[Image: A large dark plate with two piles of thin, translucent noodles, one on each side. The pile on the left is somewhat larger and has fewer straggly ends.]
It's still ingredient month! Each week in January I'm covering a different ingredient commonly used in Chinese cuisines, giving the different names you might find it under, suggesting some dishes that include the ingredient, and explaining any other background information that might be of interest.
This week's ingredient is perhaps my favourite type of noodle: 粉絲 (fěn sī). These thin, translucent noodles are made from various starches; the ones I'm most familiar with are pictured above and are made from mung bean starch, but I've also come across versions made from sweet potato starch.
粉絲 have several names in English: glass noodles, cellophane noodles, bean thread noodles, bean threads, glass vermicelli, mung bean vermicelli. They are also sometimes referred to simply as "vermicelli", but I find this name rather too general, as it can also be used for noodles made from rice or wheat. sunflower-recipes points out in comments that in Chinese you may also see them listed as 冬粉 (dōng fěn), 粉條 (fěn tiáo), 紅薯粉條 (hóng shǔ fěn tiáo), or 紅薯粉絲 (hóng shǔ fěn sī), with the 紅薯 in the last two of these indicating sweet potato.
Glass noodles are soaked in warm or hot water before use, for varying lengths of time from 15 minutes up to two hours. One thing to note about them is that they're very hard to break apart when dry. For this reason, they're sold in bunches of several different sizes; I prefer to buy the ones sold in multipacks of 50g bags, despite the extra packaging involved, since this gives the most flexibility (50g is around the right amount for a single serving).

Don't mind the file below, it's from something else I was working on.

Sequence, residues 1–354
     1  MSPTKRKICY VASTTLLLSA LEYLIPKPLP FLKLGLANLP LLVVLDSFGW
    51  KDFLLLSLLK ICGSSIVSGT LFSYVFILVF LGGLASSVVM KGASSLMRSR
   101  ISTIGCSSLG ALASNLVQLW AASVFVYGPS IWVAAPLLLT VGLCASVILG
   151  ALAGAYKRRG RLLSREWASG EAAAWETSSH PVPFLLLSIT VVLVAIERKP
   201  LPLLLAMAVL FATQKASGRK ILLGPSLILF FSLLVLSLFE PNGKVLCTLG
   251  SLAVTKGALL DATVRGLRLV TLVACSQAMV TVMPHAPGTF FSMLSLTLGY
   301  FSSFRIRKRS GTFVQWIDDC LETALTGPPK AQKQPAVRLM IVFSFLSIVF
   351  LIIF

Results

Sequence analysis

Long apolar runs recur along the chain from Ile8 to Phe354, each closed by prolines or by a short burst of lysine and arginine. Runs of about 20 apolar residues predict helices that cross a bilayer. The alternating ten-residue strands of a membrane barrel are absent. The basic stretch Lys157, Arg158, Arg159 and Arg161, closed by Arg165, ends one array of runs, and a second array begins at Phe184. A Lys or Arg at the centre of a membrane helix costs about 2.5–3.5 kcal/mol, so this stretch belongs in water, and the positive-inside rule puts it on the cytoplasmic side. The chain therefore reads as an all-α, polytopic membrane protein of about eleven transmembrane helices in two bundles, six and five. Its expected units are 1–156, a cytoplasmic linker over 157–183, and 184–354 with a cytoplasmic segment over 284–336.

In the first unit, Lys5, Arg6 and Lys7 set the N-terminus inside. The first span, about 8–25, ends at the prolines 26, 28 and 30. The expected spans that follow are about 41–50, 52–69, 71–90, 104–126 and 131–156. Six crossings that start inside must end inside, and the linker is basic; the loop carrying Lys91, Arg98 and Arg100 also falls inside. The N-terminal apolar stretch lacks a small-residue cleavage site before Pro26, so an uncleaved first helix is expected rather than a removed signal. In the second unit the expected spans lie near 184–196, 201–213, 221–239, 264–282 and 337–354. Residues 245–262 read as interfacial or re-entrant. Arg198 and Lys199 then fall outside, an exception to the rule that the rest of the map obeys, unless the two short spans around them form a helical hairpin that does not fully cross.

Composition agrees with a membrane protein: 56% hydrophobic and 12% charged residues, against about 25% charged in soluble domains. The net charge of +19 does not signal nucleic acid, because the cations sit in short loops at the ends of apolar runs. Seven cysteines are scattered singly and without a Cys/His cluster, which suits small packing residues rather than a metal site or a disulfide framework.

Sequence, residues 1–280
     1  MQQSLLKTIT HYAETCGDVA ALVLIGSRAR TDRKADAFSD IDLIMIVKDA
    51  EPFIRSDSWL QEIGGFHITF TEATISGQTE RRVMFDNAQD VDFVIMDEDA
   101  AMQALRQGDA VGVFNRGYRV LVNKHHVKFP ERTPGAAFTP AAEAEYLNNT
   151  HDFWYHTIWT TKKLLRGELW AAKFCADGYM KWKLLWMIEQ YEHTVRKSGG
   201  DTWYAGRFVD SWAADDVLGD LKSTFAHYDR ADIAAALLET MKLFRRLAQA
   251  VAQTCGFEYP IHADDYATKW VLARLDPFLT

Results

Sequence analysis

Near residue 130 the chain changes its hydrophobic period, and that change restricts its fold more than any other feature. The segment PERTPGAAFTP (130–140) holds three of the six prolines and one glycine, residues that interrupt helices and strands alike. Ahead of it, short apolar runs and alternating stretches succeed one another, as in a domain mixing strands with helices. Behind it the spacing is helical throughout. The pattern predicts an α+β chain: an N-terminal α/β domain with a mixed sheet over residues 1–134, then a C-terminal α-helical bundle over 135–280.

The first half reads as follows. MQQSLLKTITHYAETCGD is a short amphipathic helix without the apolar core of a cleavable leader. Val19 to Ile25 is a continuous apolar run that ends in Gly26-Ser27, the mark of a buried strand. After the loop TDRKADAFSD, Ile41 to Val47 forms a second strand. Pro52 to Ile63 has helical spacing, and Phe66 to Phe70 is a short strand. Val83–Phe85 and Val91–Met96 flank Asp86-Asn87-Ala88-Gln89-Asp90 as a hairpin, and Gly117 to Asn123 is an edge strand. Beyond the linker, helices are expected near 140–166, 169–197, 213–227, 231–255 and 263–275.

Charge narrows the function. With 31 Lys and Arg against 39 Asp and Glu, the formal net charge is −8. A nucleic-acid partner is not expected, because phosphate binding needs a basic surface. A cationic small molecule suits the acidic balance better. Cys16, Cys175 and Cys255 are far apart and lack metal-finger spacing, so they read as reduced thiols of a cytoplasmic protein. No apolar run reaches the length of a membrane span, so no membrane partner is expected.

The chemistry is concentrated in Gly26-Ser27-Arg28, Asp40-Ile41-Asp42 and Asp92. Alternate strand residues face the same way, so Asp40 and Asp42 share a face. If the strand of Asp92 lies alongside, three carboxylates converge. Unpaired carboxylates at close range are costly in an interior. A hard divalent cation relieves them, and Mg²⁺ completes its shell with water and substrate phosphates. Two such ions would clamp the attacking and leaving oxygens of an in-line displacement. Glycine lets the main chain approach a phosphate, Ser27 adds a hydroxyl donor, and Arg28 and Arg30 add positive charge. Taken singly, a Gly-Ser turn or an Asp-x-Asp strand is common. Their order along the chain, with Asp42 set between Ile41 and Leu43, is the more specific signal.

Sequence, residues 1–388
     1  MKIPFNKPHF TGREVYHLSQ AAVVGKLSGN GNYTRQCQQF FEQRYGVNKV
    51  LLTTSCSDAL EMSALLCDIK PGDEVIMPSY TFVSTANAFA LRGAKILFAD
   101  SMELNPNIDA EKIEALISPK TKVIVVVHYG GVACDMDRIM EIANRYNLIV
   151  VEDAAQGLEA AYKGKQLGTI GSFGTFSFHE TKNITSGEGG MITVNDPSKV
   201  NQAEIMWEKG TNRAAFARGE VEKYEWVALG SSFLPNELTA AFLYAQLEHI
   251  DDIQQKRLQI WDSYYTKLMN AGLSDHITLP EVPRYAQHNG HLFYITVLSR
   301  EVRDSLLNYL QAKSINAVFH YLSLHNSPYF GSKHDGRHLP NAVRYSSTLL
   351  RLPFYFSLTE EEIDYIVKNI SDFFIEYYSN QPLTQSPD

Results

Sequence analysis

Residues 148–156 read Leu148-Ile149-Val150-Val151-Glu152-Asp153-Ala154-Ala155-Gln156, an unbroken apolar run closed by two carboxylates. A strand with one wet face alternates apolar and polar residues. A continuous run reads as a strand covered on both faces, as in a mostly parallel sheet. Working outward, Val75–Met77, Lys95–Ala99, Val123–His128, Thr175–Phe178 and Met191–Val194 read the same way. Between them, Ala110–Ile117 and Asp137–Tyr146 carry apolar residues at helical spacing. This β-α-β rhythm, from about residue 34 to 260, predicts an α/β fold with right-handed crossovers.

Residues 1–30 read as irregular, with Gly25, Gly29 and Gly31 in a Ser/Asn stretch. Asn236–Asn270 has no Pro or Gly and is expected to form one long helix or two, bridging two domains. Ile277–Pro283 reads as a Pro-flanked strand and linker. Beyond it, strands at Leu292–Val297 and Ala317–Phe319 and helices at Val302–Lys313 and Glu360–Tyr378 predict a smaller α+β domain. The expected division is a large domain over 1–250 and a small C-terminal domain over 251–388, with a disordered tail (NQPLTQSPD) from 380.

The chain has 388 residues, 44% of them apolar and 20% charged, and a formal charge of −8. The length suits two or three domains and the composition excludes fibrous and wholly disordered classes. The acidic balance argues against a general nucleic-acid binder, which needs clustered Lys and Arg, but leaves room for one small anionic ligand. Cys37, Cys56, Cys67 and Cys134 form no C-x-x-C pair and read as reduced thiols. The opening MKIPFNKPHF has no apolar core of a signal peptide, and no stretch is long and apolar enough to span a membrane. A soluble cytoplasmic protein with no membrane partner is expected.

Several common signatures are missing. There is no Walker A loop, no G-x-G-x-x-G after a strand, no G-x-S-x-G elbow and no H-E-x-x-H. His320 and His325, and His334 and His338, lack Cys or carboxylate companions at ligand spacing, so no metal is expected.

When purchasing 粉絲, it's important to check the ingredients. My favourite brand, originally recommended to me by sunflower-recipes, is Longkou (龍口); the ingredients in these are listed as "peas, green bean, water" in English and "豌豆，綠豆，水" in Chinese. They're pictured after soaking on the left in the photo above, and I also have photos of the packaging and the unsoaked noodles.
One to avoid is Tiantan (天壇) brand, which are shown on the right in the photo above (and before soaking in this photo). They include cornstarch (玉米澱粉); this weakens the noodles, making them much more likely to break. You need to be careful here, since the Tiantan packaging is deliberately designed to mimic the Longkou packaging, right down to using the same photos for the serving suggestions.
Here are some dishes made with 粉絲:
|螞蟻上樹||mǎ yǐ shàng shù||ants climbing a tree|
|This poetically-named dish consists of glass noodles (the tree) cooked with pork mince (the ants), chilli bean sauce, ginger, garlic, soy sauce, and a pinch of sugar.|
|羅漢齋||luó hàn zhāi||Buddha's delight/monk's vegetables|
|The proper Chinese version of this dish bears no resemblance to the limp collection of tinned vegetables that often turns up in Anglicised Chinese takeaway food. Glass noodles are a must-have ingredient, particularly when served at Chinese New Year, as their long lengths symbolise long life.|
|涼拌三絲||liáng bàn sān sī||three-sliver salad|
|The name of this dish literally means "cold mixed three threads"; one of the threads is usually 粉絲, while the others might be finely-julienned kelp, carrot, wood ear fungus, or lightly blanched spinach.|
|越式炸春卷||yuè shì zhà chūn juǎn||Vietnamese-style spring rolls|
|A popular dim sum dish, these deep-fried rice-paper-wrapped rolls include glass noodles in the filling along with minced pork and prawns and various finely-chopped or shredded vegetables.|
|酸菜魚||suān cài yú||fish soup with pickled greens|
|This sour and savoury fish soup sometimes includes glass noodles along with the fish and pickled greens.|
And here are some links to other people's posts about them:
- Honolulu Star-Bulletin: The choice is clear
- The Chinese Soup Lady: Glass noodles or bean vermicelli
- Wikipedia: Cellophane noodles
2 In Chinese, rice vermicelli are 米粉 (mǐ fěn). I'm not entirely sure of the general Chinese name for wheat vermicelli, but I do know of one type called 麵線 (miàn xiàn), which are popular in Taiwan; see Wikipedia for a little more info on these.